"Well aware that Almighty God hath created the mind free; that all attempts to influence it by temporal punishments or burdens, or by civil incapacitations, tend only to beget habits of hypocrisy and meanness, and are a departure from the plan of the Holy Author of our religion, who being Lord both of body and mind, yet chose not to propagate it by coercions on either, as was in his Almighty power to do; that the impious presumption of legislators and rulers, civil as well as ecclesiastical, who, being themselves but fallible and uninspired men, have assumed dominion over the faith of others, setting up their own opinions and modes of thinking as the only true and infallible, and as such endeavoring to impose them on others, hath established and maintained false religions over the greatest part of the world, and through all time; that to compel a man to furnish contributions of money for the propagation of opinions which he disbelieves, is sinful and tyrannical; that even the forcing him to support this or that teacher of his own religious persuasion, is depriving him of the comfortable liberty of giving his contributions to the particular pastor whose morals he would make his pattern, and whose powers he feels most persuasive to righteousness, and is withdrawing from the ministry those temporal rewards, which proceeding from an approbation of their personal conduct, are an additional incitement to earnest and unremitting labors for the instruction of mankind; that our civil rights have no dependence on our religious opinions, more than our opinions in physics or geometry; that, therefore, the proscribing any citizen as unworthy the public confidence by laying upon him an incapacity of being called to the offices of trust and emolument, unless he profess or renounce this or that religious opinion, is depriving him injuriously of those privileges and advantages to which in common with his fellow citizens he has a natural right; that it tends also to corrupt the principles of that very religion it is meant to encourage, by bribing, with a monopoly of worldly honors and emoluments, those who will externally profess and conform to it; that though indeed these are criminal who do not withstand such temptation, yet neither are those innocent who lay the bait in their way; that to suffer the civil magistrate to intrude his powers into the field of opinion and to restrain the profession or propagation of principles, on the supposition of their ill tendency, is a dangerous fallacy, which at once destroys all religious liberty, because he being of course judge of that tendency, will make his opinions the rule of judgment, and approve or condemn the sentiments of others only as they shall square with or differ from his own; that it is time enough for the rightful purposes of civil government, for its officers to interfere when principles break out into overt acts against peace and good order; and finally, that truth is great and will prevail if left to herself, that she is the proper and sufficient antagonist to error, and has nothing to fear from the conflict, unless by human interposition disarmed of her natural weapons, free argument and debate, errors ceasing to be dangerous when it is permitted freely to contradict them.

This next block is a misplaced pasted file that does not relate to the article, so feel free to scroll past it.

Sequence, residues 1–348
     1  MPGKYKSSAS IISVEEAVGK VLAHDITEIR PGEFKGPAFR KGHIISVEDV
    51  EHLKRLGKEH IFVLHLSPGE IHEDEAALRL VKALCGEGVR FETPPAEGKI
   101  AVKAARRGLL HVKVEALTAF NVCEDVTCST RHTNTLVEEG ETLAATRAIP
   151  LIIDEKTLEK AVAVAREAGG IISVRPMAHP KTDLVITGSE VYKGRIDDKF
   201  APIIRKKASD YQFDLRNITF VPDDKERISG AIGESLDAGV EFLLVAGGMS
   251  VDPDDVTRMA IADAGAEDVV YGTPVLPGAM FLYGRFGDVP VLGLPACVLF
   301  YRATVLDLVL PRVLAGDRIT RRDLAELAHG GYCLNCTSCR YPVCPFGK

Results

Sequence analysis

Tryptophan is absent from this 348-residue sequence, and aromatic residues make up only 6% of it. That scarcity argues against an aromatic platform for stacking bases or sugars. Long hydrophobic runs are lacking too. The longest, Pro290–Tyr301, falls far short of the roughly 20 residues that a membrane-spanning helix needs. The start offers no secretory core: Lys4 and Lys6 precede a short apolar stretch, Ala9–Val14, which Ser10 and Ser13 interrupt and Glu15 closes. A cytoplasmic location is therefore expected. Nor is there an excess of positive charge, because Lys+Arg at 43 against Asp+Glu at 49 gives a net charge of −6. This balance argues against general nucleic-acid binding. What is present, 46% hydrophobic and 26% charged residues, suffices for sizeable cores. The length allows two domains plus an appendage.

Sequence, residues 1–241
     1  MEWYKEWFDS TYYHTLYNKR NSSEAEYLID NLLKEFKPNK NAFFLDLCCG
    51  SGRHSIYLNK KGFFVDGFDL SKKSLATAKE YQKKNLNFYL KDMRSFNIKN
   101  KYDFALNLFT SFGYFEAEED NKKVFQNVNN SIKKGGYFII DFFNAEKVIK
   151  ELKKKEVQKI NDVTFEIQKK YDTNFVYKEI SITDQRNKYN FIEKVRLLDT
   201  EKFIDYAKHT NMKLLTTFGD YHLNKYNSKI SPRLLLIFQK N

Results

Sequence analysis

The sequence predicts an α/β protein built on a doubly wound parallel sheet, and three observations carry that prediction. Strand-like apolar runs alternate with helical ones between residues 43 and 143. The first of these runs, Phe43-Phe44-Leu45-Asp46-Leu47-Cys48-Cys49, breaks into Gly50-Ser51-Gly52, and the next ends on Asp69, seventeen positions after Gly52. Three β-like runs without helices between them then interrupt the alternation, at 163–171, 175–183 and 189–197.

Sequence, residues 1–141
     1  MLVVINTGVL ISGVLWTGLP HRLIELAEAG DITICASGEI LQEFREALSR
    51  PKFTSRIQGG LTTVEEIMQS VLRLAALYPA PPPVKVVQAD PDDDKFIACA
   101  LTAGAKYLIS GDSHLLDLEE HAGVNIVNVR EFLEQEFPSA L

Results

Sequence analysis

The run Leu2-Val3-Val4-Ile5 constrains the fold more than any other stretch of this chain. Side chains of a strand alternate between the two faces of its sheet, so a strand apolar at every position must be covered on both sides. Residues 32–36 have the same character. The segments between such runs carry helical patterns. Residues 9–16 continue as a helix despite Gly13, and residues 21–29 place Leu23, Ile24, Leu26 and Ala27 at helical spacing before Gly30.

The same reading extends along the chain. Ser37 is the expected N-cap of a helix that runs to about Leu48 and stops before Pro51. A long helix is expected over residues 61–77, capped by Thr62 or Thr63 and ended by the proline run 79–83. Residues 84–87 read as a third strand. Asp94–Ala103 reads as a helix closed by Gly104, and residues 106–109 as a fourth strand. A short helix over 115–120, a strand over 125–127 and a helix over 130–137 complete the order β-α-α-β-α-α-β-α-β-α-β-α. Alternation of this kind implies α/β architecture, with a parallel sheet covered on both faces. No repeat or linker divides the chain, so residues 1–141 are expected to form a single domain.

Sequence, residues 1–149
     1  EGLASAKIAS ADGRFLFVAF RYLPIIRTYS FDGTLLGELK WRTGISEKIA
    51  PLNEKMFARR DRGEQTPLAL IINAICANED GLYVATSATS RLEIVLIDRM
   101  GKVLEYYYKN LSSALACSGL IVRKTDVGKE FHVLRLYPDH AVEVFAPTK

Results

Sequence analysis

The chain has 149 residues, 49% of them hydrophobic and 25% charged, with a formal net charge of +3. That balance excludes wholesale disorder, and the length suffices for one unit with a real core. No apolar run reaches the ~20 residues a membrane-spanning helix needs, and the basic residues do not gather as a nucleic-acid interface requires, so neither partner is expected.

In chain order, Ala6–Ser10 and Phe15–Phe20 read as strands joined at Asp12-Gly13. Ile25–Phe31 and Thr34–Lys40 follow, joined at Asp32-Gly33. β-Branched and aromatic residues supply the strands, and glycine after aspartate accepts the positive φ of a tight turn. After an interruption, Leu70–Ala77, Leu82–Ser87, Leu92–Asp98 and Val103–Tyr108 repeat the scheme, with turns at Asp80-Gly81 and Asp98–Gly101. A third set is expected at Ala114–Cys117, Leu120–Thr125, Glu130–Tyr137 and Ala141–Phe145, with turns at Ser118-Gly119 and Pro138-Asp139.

Be it therefore enacted by the General Assembly, That no man shall be compelled to frequent or support any religious worship, place, or ministry whatsoever, nor shall be enforced, restrained, molested, or burdened in his body or goods, nor shall otherwise suffer on account of his religious opinions or belief; but that all men shall be free to profess, and by argument to maintain, their opinions in matters of religion, and that the same shall in nowise diminish, enlarge, or affect their civil capacities.


Add though we well know this Assembly, elected by the people for the ordinary purposes of legislation only, have no powers equal to our own and that therefore to declare this act irrevocable would be of no effect in law, yet we are free to declare, and do declare, that the rights hereby asserted are of the natural rights of mankind, and that if any act shall be hereafter passed to repeal the present or to narrow its operation, such act will be an infringement of natural right."



Read PIERCING THE ILLUSION for more information on God's True Plan for Mankind.